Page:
Glaucoma – the Quiet Vision Thief

A coy thief threatens the vision of individuals, universally. Ranked as the leading cause of blindness, more than three million Americans have glaucoma. Over 100,000 cases in the United States have led to blindness from the understated disease. According to a report released by Mayo Clinic, an estimated million Americans are unaware of their affliction with glaucoma.

Just like the human body’s blood level rises, the eye has intraocular pressure (IOP). Essentially, glaucoma is verisimilar to ocular hypertension but with the adverse effects of optic nerve damage and vision loss. When the level of pressure escalates in the eye, the optic nerve is damaged. Consequently, peripheral vision is impaired. When untreated it may result in blindness.

1) Fact or fallacy – there are a wealth of cures for glaucoma?

Fallacy – while most cases of glaucoma may be identifiable prior to sight loss, the available treatments either prevent further vision loss — only. (Eye drops are the regularly prescribed treatment. It works by slowing or speeding up the eye’s drainage/production of aqueous humor. Either laser or non-laser surgeries may be performed after eye drops fail).

2) Fact or fallacy – glaucoma is a single disease.

Fallacy, glaucoma is a group of diseases. The predominant feature of the optical illness is the pressure of the trauma induced on the optic nerve — a cluster of nerve fibers linked to the posterior of the eye referred to as the optic disk.

Although, there are several variations of glaucoma, the major types are acute closed-angle glaucoma and chronic or primary open-angle glaucoma (POAG). The other classifications include:

  • Congenital glaucoma
  • Pigmentary glaucoma
  • Secondary glaucoma

3) Fact or fallacy chronic glaucoma (primary open-angle glaucoma or POAG) garners the alias “the silent thief of sight?”

Factually, since open-angle glaucoma does not render many vision warning signs, it is known as the silent thief of sight. (Over 85 percent of glaucoma cases are chronic glaucoma). It is estimated that more than half of all Americans afflicted with chronic glaucoma are unaware that they have the disease. (There are not many indications).

4) Glaucoma gradually reduces frontal vision.

Fallacy, glaucoma goes undetected because it gradually reduces peripheral vision. In numerous cases where the vision loss is noticed, permanent damage has already transpired. When the intraocular pressure (IOP) remains elevated, destruction may segue until the development of tunnel vision (the ability to see objects that are straight ahead).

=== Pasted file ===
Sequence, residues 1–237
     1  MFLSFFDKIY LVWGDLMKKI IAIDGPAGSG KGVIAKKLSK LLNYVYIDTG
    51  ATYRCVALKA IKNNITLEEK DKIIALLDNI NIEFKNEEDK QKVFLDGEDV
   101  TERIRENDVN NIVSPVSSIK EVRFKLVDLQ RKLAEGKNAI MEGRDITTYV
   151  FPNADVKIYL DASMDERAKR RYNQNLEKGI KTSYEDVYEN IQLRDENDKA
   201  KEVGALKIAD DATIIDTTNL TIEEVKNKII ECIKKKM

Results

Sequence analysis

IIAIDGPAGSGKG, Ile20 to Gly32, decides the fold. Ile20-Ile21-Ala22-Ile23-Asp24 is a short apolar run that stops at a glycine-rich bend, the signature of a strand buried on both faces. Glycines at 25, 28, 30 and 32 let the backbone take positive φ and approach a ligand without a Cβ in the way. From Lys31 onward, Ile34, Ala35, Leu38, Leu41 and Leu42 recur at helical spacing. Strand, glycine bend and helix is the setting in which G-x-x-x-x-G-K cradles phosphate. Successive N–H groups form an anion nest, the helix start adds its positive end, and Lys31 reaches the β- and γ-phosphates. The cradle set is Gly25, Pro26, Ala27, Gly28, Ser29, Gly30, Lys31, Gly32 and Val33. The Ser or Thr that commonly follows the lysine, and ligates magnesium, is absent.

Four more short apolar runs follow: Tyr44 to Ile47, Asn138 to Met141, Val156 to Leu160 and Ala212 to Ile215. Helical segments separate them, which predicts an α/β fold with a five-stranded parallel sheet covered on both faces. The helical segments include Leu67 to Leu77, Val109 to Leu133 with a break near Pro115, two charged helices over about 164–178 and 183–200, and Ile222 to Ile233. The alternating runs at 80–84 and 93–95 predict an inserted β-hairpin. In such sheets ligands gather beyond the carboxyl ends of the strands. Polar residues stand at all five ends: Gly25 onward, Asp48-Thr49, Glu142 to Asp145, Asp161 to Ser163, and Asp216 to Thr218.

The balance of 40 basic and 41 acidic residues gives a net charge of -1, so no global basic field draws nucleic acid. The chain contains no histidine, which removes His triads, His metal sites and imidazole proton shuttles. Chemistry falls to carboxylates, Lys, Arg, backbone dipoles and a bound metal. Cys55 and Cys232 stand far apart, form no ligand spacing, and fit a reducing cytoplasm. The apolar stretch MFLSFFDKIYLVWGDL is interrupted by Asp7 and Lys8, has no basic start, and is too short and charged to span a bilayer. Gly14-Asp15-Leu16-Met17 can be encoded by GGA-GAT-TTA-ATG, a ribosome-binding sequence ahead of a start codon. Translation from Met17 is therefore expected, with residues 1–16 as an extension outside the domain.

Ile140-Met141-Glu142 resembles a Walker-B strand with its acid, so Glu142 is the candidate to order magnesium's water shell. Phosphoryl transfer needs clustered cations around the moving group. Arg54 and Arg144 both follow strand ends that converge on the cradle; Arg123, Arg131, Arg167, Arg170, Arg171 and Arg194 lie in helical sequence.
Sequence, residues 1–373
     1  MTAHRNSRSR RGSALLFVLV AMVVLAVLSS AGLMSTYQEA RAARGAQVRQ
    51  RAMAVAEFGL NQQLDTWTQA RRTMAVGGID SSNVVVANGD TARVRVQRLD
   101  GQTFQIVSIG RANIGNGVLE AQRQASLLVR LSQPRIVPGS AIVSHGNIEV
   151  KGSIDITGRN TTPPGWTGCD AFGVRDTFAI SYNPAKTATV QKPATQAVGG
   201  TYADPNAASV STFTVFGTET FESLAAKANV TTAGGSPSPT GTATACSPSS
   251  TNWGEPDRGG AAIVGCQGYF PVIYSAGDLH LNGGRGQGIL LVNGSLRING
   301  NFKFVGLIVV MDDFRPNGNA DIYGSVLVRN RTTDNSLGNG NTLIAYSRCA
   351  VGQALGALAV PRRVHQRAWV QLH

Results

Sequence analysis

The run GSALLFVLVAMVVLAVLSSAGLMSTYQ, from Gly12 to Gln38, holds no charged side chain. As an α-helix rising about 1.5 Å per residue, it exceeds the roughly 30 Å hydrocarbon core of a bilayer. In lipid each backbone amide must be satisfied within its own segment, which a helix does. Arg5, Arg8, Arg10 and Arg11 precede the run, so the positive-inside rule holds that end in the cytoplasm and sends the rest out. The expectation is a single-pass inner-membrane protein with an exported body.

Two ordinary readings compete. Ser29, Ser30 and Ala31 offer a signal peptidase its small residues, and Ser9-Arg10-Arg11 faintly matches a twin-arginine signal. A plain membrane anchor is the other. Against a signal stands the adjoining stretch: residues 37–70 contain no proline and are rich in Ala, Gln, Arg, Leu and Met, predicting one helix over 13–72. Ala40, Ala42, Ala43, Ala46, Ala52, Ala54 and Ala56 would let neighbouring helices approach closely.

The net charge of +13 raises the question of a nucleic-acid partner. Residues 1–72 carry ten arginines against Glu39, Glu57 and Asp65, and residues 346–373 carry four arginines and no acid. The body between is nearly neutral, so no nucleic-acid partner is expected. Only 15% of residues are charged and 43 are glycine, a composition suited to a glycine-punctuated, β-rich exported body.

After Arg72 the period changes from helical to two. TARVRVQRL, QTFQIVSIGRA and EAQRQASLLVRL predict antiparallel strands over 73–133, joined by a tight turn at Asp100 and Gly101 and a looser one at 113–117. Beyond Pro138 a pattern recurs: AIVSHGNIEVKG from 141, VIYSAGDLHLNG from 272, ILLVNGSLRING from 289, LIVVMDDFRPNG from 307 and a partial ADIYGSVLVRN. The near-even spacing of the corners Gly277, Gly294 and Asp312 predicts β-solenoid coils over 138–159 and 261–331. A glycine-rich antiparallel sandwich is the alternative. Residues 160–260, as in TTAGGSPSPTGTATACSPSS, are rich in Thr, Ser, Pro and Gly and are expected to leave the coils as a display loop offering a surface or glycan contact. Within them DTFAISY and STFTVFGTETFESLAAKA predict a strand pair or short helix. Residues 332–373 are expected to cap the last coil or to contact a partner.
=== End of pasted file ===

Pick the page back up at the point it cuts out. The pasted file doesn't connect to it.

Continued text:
5) Fact or fallacy, there are not any symptoms associated with acute angle-closure glaucoma?

With acute angle-closure glaucoma or narrow-angle glaucoma (closed-angle glaucoma) there are a series of attacks. Each attack intercepts a part of the field of vision. The sudden medical symptoms that may occur for a few hours are as follows:

  • Eye pain
  • Dilated pupils
  • Haloes around lights
  • Headaches
  • Red eyes
  • Nausea and vomiting
  • Vision loss

6) Fact or fallacy, only people over the age of 65 should be concerned about glaucoma.

Generally, chronic glaucoma develops after the age of 35.

7) Fact or fallacy, glaucoma usually occurs in one eye.

Normally, glaucoma is present in both eyes; however, one maybe distressed more than the other.

8) Doctors are unable to recommend screenings for glaucoma because there are not any high risk groups.

Fallacy, high risked groups of glaucoma include the following:

  • A family history of the disease
  • Diabetics
  • Rare eye disorders
  • African Americans
  • Prolonged use of corticosteroid preparations

9) Appropriate screening for glaucoma involves measuring the width of the eyeball.

Fallacy, glaucoma screening entails indirect measurement of pressure inside the eyeball or tonometry.

10) Any vision damage caused by glaucoma is 100 percent reversible.

Fallacy, sight damage cannot be reversed; however treatment will impede further vision loss.

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